Colossatron: Massive World Threat – An Android App Review.
First off; full disclosure time folks. For the record and in case you aren’t familiar with my situation I am a disabled husband and father of four. So, what that means without putting to fine a point on it is that I don’t have a lot of flexibility with my finances. In short, when it comes to things like apps in general I never ever have the luxury of purchasing them. Instead I make do on the vast array of free apps, Amazon’s infamous Free App of the Day, and on occasion a promotional credit. The later is what I have to thank for the subject of this review.
Now, with that bit out of the way, allow me to continue. Like I said; I recently found myself with a promotional credit on the Amazon App Store and since I never purchase apps I was in a bit of a peculiar position. What do you do with an available credit towards apps when you yourself never can consider buying them? So I began actively looking through the various offerings and tried to weigh my options. Even if it was just a promotional credit and not my own cash I wasn’t about to simply throw it around wastefully.
It took me quite some time (I primarily scouted around sporadically here and there) before I stumbled into a game that both showed some promise and continually kept popping up. Still hesitant, I cross referenced its reviews and preview info on multiple app stores to better get a feel for it. Sadly I am just not one of those people who can comfortably snag something like an app without some careful thought. Maybe it’s the knowledge that dollar signs are attached but in any event I had to rule out some potential pitfalls first.
What I found when I finally took the plunge and clicked purchase was an absolute delight to be blunt. Colossatron proves a positively enjoyable experience that can be described as simple complexity or if you prefer, complex simplicity. What I mean by that is the basic core mechanic of the game is one that is arguably so simple, yet in its simplicity there is a satisfyingly complex blending.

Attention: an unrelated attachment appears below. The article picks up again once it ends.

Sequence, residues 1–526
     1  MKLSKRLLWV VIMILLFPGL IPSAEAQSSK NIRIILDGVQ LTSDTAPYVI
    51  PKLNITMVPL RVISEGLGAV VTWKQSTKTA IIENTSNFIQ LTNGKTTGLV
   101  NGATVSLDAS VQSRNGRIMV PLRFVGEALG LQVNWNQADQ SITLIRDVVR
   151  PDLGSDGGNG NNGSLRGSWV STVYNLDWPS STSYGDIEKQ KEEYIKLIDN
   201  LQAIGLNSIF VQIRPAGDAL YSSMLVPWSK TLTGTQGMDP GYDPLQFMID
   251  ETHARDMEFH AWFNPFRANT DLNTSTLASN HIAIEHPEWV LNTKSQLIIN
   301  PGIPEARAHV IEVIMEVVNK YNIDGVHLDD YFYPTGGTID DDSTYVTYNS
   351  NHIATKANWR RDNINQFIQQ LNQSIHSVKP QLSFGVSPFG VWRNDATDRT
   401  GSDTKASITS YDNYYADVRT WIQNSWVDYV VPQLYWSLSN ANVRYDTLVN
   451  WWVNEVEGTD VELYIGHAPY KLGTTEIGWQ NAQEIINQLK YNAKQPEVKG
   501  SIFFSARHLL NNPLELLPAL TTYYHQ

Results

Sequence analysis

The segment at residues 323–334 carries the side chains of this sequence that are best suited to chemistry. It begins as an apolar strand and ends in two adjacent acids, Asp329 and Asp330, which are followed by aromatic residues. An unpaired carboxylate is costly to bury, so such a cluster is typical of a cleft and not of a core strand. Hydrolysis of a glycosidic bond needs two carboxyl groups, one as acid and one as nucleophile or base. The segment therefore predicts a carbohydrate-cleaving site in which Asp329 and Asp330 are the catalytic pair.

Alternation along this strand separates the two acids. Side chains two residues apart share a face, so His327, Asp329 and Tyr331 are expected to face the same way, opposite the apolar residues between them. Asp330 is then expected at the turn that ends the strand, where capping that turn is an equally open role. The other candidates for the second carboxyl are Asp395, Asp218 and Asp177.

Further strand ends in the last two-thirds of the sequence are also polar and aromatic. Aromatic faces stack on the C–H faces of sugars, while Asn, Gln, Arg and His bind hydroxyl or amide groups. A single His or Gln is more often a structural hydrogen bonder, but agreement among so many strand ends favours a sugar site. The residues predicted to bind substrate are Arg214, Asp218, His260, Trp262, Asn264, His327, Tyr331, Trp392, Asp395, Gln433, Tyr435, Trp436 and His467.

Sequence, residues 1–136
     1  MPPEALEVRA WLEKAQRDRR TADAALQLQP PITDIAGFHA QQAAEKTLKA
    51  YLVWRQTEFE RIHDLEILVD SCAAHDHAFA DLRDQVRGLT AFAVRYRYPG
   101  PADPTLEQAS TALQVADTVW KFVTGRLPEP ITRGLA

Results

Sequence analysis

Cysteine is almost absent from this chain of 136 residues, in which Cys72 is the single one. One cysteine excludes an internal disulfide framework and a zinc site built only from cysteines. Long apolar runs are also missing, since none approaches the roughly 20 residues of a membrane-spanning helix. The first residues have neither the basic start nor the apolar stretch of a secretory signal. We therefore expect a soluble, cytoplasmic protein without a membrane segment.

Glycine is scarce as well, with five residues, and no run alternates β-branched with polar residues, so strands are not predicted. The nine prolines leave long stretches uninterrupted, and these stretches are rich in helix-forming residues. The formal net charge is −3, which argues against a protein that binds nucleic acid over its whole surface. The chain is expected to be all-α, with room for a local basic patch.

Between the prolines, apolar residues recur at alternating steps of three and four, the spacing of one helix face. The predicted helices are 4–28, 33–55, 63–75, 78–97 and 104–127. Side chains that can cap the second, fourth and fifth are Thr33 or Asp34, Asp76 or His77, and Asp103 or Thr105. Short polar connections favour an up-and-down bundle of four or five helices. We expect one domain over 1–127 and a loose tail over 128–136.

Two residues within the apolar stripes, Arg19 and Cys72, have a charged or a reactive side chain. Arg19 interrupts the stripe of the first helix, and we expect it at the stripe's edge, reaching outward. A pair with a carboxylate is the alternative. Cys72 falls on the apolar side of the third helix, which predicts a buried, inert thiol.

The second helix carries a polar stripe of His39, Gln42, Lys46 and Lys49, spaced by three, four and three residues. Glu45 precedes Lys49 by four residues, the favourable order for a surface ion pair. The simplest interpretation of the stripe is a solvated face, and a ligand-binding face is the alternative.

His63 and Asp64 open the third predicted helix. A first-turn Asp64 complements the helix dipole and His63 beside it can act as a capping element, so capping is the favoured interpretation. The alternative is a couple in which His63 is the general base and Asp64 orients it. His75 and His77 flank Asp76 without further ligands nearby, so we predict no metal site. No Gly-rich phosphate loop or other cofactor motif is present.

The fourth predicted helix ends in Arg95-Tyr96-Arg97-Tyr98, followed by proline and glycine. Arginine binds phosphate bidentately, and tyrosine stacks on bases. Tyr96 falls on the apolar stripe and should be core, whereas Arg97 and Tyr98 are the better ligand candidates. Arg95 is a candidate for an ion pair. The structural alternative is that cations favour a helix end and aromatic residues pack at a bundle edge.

You are the title character of the game, Colossatron, a robotic dragon like creature that crash lands from space to declare itself a literal “Massive World Threat.” As it rampages through cities and towns colored body segments appear that you can drag to join with Colossatron. Each color has a different type of function or capability. For example red segments sport missile launching turrets while blue blasts electricity. But the interesting angle doesn’t lie in the basic primary colored ‘powercores,’ but instead in mixing and matching them.
Just as we all learned in elementary art class; if you mix two primary colors you can get a secondary one. Want to put a red piece next to a blue? Surprise! You then get a purple piece that replaces the previous two (and I might add provides a potent rail gun to blast foes). Put three sections of the same color in a row and they will morph into a superior version of themselves with all three joining into a single piece.
By combining these different sections in a variety of ways you can drastically affect how Colossatron causes catastrophe. If you focus on fewer more refined powercores you can enjoy some satisfying superior firepower, but at the cost of your survivability. Instead, if you are determined to stick with a longer string of smaller segments you can handle much more punishment but struggle with dishing out that devastation.